I'm skeptical. In NYC, Uber is exactly as expensive as the car services (or "limos") they used to be known as (which is to say, at least as expensive as a taxi and often much more). Not a lot of us have the funds to switch from a $2.75 subway ride to a $30 or $40 car fare for anything but one-off trips (airport, late-night partying, etc.). And even then, we were already using taxis or car services for those trips if we could afford it.

    The folks who use Uber the most are Manhattanites who could already afford to take a taxi short distances all the time. Those people weren't using the subway before and they're still not.

  • Diane Reynolds (Paul.)||

    I've always been a little fascinated with how Uber is received by the public in a place like Manhattan where a cab can be called by raising your arm on a curbside. For most other cities, especially left-coast cities, that's not really an option, so you're either riding the bus which is very cheap, but you're going to wait anywhere from a few minutes to an hour plus possibly make a couple of transfers, depending on how well the system is working at a given moment, or a cab which, except in a few areas, has to be called by telephone and dispatched*. Of course, the dispatched cab has to come from wherever the hell it is which probably isn't that close, yadda yadda. Uber has been a boon to those cities because I don't even live in the central core, and I can call an Uber that will be at my doorstep literally in two minutes.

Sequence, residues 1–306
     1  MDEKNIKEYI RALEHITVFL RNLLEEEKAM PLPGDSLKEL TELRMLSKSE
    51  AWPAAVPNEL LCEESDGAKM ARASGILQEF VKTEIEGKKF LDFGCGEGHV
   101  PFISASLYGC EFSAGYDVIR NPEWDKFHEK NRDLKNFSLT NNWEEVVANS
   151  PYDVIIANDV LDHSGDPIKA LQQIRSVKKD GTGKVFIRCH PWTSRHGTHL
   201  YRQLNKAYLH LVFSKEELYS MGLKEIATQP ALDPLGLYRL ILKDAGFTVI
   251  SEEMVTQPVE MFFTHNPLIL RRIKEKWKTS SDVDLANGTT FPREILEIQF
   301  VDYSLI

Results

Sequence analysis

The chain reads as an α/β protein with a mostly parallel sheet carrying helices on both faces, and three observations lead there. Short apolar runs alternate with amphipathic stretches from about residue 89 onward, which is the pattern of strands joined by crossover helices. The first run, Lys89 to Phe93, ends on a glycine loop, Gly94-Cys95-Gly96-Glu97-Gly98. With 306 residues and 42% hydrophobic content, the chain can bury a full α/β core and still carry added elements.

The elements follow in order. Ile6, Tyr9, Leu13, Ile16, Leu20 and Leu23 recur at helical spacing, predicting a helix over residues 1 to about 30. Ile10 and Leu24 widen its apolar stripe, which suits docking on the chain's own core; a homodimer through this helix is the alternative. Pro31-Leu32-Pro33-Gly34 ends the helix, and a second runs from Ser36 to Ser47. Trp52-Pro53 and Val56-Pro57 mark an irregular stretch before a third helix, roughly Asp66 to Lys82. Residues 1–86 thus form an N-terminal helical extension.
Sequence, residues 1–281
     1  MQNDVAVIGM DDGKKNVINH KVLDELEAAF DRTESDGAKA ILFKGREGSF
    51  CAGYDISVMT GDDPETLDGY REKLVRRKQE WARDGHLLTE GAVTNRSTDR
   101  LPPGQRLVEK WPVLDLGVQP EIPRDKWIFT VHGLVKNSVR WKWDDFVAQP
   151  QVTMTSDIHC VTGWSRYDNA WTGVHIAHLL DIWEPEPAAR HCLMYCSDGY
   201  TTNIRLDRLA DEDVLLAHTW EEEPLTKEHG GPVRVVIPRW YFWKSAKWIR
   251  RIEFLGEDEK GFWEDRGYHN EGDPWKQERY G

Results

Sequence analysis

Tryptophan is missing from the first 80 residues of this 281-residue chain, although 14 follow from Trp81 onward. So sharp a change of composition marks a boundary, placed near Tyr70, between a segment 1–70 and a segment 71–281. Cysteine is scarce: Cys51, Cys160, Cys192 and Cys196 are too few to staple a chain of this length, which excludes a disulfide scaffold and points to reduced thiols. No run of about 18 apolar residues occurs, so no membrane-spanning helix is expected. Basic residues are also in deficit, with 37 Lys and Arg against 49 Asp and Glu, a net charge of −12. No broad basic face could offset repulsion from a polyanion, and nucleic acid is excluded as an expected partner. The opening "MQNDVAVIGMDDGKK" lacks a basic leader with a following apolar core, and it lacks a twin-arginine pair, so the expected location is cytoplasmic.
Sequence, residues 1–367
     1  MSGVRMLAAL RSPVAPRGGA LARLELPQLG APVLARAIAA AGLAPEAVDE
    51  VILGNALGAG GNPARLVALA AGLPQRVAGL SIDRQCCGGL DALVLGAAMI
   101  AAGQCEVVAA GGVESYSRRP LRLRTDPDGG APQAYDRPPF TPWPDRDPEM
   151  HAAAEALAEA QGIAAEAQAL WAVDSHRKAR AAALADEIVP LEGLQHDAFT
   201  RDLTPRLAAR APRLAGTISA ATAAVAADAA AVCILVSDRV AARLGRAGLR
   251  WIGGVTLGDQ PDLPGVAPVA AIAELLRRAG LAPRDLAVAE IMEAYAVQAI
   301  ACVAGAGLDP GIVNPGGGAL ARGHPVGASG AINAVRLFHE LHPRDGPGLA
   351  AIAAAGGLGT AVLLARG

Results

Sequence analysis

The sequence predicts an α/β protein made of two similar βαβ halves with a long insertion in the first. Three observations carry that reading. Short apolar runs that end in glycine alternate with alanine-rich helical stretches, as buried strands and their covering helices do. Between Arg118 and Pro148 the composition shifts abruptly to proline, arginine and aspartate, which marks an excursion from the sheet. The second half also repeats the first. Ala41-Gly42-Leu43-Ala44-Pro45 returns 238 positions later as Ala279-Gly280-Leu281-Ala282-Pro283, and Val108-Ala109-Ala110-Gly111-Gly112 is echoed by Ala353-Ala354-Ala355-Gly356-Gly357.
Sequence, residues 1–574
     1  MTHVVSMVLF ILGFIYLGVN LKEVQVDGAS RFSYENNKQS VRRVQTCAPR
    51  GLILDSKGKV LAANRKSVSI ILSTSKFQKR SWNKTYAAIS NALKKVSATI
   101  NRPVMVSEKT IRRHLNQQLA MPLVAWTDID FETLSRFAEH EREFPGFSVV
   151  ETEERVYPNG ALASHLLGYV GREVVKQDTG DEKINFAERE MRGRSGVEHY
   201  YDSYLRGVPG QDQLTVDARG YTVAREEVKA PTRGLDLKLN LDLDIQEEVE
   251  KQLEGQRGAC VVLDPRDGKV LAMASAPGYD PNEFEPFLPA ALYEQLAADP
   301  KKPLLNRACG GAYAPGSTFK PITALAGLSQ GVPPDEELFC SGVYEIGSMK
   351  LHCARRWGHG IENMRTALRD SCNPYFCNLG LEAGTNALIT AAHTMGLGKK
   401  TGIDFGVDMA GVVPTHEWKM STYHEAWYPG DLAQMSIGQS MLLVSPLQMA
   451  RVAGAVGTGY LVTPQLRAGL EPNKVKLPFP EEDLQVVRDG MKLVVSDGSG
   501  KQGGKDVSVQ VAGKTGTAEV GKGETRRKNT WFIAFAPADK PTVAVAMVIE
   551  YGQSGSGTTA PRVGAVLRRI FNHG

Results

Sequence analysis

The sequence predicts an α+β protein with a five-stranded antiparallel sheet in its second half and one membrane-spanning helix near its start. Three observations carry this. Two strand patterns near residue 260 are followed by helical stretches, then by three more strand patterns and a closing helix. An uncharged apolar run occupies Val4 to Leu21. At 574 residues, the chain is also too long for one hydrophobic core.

Also, the fact that I don't even have to carry a wallet to pay for the Uber is also a bonus.

    But in Manhattan, is it really faster/better to call an uber than just grab a cab?